When a traced method is reported as an external datastore call, the call is shown in the APM Databases page. Because datastores are external to the running application, the method is reported as datastore activity using the
reportAsExternal(ExternalParameters params) method. The only difference is that a different builder,
DatastoreParameters, is used to create the appropriate
This API call provides the same behavior as the Datastore API call and extends it to allow slow query information to be tracked. The same
reportAsExternal(ExternalParameters params) method and builder are used, but with an additional builder method.
The WebFrameworks API allows the agent to report additional identifying information about the application.
// Set the dispatcher name and version which is reported to APM.// The dispatcherName is intended to represent the type of server that this// application is running on such as: Tomcat, Jetty, Netty, etc.NewRelic.setServerInfo(String dispatcherName, String version)// Set the app server port which is reported to APM.NewRelic.setAppServerPort(int port)// Set the instance name in the environment.// A single host:port may support multiple JVM instances.// The instance name is intended to help identify a specific JVM instance.NewRelic.setInstanceName(String instanceName)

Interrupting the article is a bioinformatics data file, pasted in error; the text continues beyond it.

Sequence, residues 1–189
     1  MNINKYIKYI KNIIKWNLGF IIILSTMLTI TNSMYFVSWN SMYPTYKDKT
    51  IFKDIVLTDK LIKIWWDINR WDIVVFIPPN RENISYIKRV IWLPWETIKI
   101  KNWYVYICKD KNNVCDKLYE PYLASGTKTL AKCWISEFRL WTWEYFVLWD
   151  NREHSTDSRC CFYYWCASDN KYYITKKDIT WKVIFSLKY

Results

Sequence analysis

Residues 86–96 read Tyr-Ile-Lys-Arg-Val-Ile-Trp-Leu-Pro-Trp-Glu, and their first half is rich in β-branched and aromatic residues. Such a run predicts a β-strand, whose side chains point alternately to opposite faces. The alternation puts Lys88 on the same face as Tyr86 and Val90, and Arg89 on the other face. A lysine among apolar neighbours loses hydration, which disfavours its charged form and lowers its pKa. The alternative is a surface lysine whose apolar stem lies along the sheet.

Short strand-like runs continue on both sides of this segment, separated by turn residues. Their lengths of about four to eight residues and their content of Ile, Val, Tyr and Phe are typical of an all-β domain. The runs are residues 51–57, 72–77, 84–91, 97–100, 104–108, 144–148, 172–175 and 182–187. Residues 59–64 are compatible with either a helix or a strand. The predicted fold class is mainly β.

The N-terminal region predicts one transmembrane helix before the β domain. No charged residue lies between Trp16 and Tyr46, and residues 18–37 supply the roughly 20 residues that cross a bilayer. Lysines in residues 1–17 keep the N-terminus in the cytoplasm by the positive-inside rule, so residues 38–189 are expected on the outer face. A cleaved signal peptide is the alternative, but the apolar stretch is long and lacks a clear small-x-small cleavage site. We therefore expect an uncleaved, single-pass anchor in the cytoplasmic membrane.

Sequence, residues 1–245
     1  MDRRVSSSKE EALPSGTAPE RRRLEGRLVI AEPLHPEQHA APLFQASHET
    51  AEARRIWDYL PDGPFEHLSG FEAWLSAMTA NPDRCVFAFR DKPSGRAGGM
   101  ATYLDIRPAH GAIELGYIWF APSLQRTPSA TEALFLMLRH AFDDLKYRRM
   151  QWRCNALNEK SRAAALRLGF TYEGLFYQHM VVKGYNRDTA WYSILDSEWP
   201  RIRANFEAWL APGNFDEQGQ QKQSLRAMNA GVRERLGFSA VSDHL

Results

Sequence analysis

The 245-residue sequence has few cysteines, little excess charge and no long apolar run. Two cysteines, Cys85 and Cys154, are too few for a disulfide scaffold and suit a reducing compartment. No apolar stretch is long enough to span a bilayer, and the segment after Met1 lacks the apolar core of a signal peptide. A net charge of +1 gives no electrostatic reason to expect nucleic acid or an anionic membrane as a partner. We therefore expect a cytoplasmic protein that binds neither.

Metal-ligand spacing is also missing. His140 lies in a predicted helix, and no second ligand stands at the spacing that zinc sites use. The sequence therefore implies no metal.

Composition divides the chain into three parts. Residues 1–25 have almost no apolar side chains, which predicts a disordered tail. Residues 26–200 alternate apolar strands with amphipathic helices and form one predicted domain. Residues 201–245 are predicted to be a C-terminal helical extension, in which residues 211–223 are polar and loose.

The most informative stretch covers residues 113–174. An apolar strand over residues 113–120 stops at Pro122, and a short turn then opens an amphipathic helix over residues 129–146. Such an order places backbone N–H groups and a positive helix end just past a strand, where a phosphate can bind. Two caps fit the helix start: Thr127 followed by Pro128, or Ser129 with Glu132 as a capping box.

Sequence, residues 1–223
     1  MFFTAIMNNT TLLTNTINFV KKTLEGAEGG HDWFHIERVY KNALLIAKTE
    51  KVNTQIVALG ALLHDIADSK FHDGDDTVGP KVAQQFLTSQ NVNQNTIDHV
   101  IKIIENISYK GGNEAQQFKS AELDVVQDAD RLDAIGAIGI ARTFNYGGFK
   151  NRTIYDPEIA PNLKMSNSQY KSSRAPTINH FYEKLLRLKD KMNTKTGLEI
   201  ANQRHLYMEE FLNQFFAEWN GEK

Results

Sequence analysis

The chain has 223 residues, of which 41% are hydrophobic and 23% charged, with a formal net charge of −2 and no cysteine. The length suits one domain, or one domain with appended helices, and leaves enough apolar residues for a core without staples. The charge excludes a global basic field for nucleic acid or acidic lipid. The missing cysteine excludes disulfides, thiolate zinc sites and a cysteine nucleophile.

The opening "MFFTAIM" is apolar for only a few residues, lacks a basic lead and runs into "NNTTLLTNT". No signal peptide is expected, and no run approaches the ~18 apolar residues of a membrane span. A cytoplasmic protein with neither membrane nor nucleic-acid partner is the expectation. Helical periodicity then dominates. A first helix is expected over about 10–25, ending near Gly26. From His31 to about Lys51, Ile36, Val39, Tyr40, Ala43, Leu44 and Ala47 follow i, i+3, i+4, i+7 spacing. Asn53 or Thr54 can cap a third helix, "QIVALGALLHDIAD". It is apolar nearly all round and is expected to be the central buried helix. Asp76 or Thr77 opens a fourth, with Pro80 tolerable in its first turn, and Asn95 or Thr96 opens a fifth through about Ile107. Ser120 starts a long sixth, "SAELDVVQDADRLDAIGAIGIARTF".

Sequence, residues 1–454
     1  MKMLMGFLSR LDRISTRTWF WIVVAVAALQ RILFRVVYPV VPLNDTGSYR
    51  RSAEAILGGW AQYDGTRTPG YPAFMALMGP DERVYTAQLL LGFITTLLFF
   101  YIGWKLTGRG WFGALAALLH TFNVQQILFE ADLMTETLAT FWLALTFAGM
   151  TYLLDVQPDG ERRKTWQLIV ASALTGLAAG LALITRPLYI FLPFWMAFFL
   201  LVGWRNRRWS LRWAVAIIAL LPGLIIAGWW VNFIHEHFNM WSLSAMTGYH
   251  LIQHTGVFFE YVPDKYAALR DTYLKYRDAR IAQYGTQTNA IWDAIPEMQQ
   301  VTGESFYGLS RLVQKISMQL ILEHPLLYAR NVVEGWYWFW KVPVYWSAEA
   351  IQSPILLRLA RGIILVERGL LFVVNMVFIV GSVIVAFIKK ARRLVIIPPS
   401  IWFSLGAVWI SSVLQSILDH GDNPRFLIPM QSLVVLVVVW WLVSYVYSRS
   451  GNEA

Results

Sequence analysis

These values can be set only once. Subsequent calls will have no effect.
Additional documentation resources include:
- New Relic Java agent API Javadoc (detailed API documentation on GitHub)
- Java agent API example (example application using custom instrumentation for cross application tracing and external datastore calls)
- Java agent API guide (goal-driven guide to using the Java agent API)
- Java instrumentation by annotation (how to use annotations to instrument your application code)